The Aspire V5 sports a glossy 15.6-inch touchscreen with a disappointingly low native resolution of 1366 by 768 pixels. While this resolution is typical for 11-, 13-, and even some 14-inch laptops, it’s noticeably pixelated on a 15.6-inch screen. Images and text look a little fuzzy around the edges, thanks to the low resolution.
Resolution aside, the V5’s screen looks quite nice. Colors are bright and crisp, though they can look a little washed out at brighter settings. Off-axis viewing angles are okay – horizontal angles are fine, but vertical angles present a noticeable drop in contrast.
As a touchscreen, the V5’s display works well. The screen is accurate and responsive, and multi-touch gestures, such as pinch to zoom, are extremely smooth.
Video on the V5 looks and sounds quite good, considering the system has no discrete graphics card. Basic streaming HD video plays very smoothly, and in my tests I saw only a few instances of artifacting – and only in dark, high-motion scenes. The system’s speakers are located on the bottom of the laptop, near the front, and are quite loud. The speakers produce acceptable sound – it’s not tinny, even at the highest volume settings, but it’s also not deep. I wouldn’t want to listen to these speakers for several hours in a row, but for a quick Netflix fix they’re okay. The headphone jack is clean, and plays much better, fuller sound.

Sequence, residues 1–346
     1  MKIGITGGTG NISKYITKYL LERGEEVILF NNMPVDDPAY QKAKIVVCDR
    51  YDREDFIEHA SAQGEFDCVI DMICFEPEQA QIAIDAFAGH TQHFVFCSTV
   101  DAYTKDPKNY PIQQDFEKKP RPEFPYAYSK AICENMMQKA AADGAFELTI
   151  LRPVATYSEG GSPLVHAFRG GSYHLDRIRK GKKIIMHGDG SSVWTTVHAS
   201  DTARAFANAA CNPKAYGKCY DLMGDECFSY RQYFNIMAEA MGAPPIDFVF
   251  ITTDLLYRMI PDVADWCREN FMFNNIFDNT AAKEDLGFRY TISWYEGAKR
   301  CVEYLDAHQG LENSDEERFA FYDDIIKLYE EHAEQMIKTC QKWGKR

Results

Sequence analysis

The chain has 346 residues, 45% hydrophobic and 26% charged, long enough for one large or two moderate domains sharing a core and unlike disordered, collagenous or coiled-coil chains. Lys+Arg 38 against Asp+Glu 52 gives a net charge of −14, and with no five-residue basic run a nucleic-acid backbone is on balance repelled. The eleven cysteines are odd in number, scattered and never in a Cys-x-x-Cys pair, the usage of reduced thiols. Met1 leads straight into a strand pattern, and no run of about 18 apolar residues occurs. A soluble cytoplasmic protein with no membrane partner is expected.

The Acer Aspire V5 is a pretty sleek laptop at first glance. But don’t be fooled by its silky-smooth silver exterior – there’s not a whole lot going on inside this laptop. Sure, it’s got its strengths: the touchscreen is responsive and smooth, and video looks and sounds pretty good. But it’s got a heck of a lot more weaknesses, such as poor overall performance, lower-than-average battery life, a strangely loud fan, and a noticeably low screen resolution.